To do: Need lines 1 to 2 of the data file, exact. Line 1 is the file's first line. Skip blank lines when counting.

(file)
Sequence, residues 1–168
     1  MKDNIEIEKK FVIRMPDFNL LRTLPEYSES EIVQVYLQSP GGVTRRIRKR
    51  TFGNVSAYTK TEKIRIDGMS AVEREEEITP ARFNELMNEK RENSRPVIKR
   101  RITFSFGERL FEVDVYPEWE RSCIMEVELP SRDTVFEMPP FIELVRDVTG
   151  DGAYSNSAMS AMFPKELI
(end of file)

Sequence, residues 1–168
     1  MKDNIEIEKK FVIRMPDFNL LRTLPEYSES EIVQVYLQSP GGVTRRIRKR